The Woman King star Thuso Mbedu says the world is filled with great stories. People just need to care enough to invest in them

Thuso Mbedu plays Nawi in The Woman King, a young orphan whose adoptive father is just as determined to marry her off as she is to resist the trappings of a loveless marriage.

She’s stubborn and tough. Traits that will augur well for her when she instead becomes part of the highly skilled and roundly feared all-female military unit known as the Agojie, female warriors of the Kingdom of Dahomey, a territory now recognised as modern-day Benin.

It’s the type of story Mbedu has always wanted to tell as an actor. It’s the reason she’s in the business.

“When you sit at home watching a show as a child, unless it’s a story that is specifically about race, you’re not supporting something because it’s only black people,” Mbedu told ABC News.

“You’re just supporting a story that moves you. And so, you grow up wanting to create stories that can move people and have an impact.

“And that’s why I’m in this industry to use drama and art as a tool for social change.”

Born and raised in South Africa, Mbedu knew that one day she wanted to share her considerable talents on a global stage, and that would mean going to Hollywood.

In 2019, she got that opportunity, starring in The Underground Railroad, released last year.

“It was an absolutely amazing experience,” she said.

“I was surrounded by a great cast, great crew, people with just genuinely beautiful hearts who were on a mission to tell this masterpiece.”

Thuso Mbedu said she formed a genuine relationship with Viola Davis that went deeper than the page.(Sony Pictures)

With The Woman King, Mbedu said she was brought on early enough in the project to witness just how hard director Gina Prince-Bythewood and Oscar-winning actor and producer Viola Davis had to work for the movie to even see the light of day.

“I saw the fight that Gina and Viola still had to do to get the project to where it needed to be,” she said.

“To see it firsthand and simply not understanding why they had to fight so hard and actually seeing that it’s because it’s a story of darker-skinned black women and Hollywood doesn’t welcome that.”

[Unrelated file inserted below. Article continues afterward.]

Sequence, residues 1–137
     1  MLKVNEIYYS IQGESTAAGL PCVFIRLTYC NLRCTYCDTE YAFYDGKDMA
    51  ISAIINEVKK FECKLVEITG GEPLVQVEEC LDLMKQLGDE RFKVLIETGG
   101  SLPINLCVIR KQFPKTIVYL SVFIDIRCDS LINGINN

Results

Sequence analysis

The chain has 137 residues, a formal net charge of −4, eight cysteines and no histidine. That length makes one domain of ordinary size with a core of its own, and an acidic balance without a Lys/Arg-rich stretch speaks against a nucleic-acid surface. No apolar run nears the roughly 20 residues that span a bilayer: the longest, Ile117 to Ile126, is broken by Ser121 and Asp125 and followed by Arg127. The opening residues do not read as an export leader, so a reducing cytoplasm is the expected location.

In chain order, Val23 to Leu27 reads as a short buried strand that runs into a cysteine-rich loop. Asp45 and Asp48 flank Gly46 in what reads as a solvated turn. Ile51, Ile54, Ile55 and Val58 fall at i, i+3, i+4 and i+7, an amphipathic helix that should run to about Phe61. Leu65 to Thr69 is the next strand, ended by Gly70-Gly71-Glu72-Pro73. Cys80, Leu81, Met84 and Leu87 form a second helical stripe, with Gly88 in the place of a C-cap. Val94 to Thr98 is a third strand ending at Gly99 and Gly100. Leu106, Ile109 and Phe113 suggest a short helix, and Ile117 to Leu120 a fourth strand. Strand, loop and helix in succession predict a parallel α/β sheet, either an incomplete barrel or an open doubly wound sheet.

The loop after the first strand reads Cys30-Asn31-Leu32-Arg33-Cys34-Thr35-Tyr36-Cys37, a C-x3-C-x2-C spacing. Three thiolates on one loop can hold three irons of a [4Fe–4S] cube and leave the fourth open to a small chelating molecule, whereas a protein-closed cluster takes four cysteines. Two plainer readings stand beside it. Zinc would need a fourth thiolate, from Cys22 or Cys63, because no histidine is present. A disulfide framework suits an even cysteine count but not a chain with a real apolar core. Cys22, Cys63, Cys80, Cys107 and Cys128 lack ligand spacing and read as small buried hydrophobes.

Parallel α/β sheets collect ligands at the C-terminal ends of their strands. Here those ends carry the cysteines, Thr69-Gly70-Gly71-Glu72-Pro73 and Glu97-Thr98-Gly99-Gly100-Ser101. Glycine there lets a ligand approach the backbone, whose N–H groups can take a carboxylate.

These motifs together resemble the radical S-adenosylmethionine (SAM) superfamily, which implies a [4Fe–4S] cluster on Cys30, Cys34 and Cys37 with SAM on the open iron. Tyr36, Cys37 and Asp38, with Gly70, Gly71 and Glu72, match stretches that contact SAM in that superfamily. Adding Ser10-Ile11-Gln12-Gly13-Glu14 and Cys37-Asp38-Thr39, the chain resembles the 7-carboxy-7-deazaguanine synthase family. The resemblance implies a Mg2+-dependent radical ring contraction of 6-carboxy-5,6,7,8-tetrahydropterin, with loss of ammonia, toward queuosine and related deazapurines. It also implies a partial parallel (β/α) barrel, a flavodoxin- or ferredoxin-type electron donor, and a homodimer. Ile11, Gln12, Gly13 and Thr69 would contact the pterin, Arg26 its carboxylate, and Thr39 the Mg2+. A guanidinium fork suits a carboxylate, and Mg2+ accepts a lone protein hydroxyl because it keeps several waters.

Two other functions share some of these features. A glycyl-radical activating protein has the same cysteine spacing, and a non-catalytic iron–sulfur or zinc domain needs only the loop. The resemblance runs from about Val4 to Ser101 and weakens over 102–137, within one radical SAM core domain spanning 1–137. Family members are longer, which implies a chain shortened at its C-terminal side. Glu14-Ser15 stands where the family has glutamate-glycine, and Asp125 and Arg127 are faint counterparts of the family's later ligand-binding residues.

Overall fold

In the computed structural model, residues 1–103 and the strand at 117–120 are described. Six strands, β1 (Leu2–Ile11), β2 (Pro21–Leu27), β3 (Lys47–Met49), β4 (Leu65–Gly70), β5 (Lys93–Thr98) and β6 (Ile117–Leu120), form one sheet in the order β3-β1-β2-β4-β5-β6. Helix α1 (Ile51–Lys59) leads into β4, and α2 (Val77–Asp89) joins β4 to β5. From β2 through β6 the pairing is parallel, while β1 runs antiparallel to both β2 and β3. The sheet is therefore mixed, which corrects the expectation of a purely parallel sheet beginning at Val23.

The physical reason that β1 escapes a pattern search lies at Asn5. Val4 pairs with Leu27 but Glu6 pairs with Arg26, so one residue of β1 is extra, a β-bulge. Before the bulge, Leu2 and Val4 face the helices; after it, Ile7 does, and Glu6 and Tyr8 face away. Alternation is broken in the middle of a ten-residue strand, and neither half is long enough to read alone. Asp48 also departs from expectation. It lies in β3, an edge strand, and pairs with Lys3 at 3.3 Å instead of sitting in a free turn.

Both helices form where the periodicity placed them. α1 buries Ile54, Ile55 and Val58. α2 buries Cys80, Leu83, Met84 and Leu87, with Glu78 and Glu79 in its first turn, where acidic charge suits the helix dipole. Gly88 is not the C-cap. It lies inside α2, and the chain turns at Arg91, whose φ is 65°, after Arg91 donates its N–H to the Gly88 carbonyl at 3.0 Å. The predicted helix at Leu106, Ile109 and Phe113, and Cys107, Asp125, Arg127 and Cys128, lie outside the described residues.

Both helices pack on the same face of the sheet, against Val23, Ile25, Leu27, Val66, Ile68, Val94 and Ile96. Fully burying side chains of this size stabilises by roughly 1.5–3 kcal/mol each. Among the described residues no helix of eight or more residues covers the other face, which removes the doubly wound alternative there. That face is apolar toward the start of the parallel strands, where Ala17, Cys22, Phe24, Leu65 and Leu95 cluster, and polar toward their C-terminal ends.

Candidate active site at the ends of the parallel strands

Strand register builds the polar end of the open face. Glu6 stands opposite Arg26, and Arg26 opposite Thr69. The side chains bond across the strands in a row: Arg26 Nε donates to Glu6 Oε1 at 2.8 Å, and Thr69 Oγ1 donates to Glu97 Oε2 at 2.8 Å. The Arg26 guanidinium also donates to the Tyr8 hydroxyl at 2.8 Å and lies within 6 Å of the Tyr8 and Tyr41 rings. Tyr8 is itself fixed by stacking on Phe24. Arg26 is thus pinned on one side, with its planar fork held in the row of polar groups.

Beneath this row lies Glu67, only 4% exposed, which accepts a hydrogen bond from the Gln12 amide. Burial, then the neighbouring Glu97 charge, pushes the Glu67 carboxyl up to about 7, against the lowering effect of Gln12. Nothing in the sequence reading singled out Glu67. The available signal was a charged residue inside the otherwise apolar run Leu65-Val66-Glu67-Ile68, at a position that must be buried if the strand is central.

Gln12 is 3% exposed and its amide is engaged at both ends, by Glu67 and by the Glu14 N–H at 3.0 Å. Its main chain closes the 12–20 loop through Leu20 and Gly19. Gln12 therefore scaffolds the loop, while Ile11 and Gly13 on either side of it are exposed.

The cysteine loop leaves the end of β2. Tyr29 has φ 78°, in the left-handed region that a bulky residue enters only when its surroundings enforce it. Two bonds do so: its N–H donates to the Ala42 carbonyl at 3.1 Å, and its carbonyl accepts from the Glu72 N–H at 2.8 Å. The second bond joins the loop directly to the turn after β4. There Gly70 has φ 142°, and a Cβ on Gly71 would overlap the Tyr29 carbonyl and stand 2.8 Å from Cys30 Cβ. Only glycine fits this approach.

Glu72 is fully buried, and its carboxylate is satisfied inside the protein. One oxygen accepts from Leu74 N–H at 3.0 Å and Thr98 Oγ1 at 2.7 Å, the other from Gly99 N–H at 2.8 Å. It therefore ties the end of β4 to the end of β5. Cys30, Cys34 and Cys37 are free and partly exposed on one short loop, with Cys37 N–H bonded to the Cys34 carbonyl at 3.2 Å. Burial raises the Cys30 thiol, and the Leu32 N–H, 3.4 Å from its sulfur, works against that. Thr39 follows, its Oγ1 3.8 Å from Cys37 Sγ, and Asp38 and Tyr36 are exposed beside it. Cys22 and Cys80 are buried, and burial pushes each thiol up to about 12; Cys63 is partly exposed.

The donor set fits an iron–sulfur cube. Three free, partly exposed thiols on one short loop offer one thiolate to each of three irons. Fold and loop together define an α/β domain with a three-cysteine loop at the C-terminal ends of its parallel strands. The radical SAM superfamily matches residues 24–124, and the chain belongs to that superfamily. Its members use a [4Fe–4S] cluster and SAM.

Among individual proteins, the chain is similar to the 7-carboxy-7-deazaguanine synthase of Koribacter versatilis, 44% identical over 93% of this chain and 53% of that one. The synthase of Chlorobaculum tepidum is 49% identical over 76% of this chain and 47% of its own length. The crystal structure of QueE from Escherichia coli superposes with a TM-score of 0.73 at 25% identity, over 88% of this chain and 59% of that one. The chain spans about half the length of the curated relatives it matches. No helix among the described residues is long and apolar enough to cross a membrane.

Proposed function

Hollywood is recycling old stories, but there are new ones

Mbedu said despite growing up in South Africa, she had only heard of the Agojie army for the first time in 2019.

“But we’re seeing stories [such as] your Troys, your Gladiators, even stories of the Greek Amazon, which are actually based on the real Agojie army.

“Time and time again, we consume those as if they were true when they weren’t necessarily true.

“And so, we hold specific groups of people in high esteem, and society then deems others as less than, simply because their stories haven’t been told.”

She said at one point she truly believed she could do anything until the industry told her otherwise. She’s hoping The Woman King will open doors for many.

The Woman King featuring Viola Davis and Thuso Mbedu.(Supplied: Sony/Ilze Kitshoff)

“There are filmmakers who want to tell specific stories, but up until now, it’s considered a ‘risk’.

“[The Woman King is] very needed. It’s necessary. And there are thousands of stories like this on the continent and some of them are true and some of them are fictional.

“Right now, if we’re being honest, we’re in a space where Hollywood is recycling stories, there’s reboots of this, that and the other … as if there aren’t stories to tell.

“There’s a plethora, there’s a lot of beautiful stories to tell all over the world. It’s just that people have to care enough to invest in them.”

The film has attracted controversy … mostly from people who haven’t seen it

The Woman King has been accused by some of historical revisionism, particularly in how it depicts the transatlantic slave trade.

“This is a creative narrative,” Mbedu said.

“We have not pretended it’s a documentary.

“It’s inspired by people who lived in real life. And Gina speaks about the fact that there are many kingdoms who had their own parts in the story of slavery.

“And the story that we’re telling is about the Agojie female army that existed in real life. But within that, in the story of enslaving people, not everybody was for it.

“And so, there’s the good, the bad, and the ugly, and we, in the film, cover all of it.

“We don’t pretend it didn’t happen. We don’t gloss over it.”

Thuso Mbedu, Viola Davis and Shelia Atim star in The Woman King.(Sony Pictures)

It’s worth noting that in the research phase, the filmmakers worked extensively with Princeton historian, economist and Beninese scholar Leonard Wantchekon, who has spent his life teaching and writing about West Africa.

Mbedu said the critics were mostly people who had not seen the film.

“There are people who were actively trying to boycott the film, who ended up watching it and are now actively promoting it because it answers every single question that they had,” she said.

“People who criticise it are generally people who haven’t seen it, because once you’ve seen it, you see that the film is exactly what it says it was. And it’s not pretending to be anything else.”

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The Woman King is in cinemas now

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